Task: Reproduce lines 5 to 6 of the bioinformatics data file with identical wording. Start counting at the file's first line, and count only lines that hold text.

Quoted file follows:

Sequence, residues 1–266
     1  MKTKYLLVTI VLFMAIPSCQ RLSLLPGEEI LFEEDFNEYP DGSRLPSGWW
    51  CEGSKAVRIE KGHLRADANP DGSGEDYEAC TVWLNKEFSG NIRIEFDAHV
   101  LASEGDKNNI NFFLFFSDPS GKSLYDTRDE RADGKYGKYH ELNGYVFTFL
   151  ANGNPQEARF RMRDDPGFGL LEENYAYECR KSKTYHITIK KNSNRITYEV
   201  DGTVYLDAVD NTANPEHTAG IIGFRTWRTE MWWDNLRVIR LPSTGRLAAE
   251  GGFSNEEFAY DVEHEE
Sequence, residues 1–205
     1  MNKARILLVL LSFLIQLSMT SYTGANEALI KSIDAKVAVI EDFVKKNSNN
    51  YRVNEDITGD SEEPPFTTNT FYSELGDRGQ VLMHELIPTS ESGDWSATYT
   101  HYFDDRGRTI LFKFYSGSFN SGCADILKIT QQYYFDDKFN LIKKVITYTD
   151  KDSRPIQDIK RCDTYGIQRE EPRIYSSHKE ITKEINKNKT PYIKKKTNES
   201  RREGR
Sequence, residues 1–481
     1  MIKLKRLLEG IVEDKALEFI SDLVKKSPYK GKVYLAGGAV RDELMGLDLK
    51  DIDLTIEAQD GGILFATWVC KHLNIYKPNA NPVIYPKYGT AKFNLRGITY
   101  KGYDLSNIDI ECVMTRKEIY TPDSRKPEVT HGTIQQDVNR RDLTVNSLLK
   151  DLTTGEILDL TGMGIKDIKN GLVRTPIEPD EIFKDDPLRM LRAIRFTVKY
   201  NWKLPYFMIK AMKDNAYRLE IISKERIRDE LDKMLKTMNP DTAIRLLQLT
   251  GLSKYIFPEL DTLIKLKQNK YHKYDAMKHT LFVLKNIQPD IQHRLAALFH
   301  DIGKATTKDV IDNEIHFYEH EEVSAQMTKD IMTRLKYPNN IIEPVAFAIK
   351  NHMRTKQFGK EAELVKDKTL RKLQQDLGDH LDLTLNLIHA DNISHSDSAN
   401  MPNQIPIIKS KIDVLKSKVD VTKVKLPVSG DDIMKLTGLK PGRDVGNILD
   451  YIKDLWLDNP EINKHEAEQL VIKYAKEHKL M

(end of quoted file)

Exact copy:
   151  ANGNPQEARF RMRDDPGFGL LEENYAYECR KSKTYHITIK KNSNRITYEV
   201  DGTVYLDAVD NTANPEHTAG IIGFRTWRTE MWWDNLRVIR LPSTGRLAAE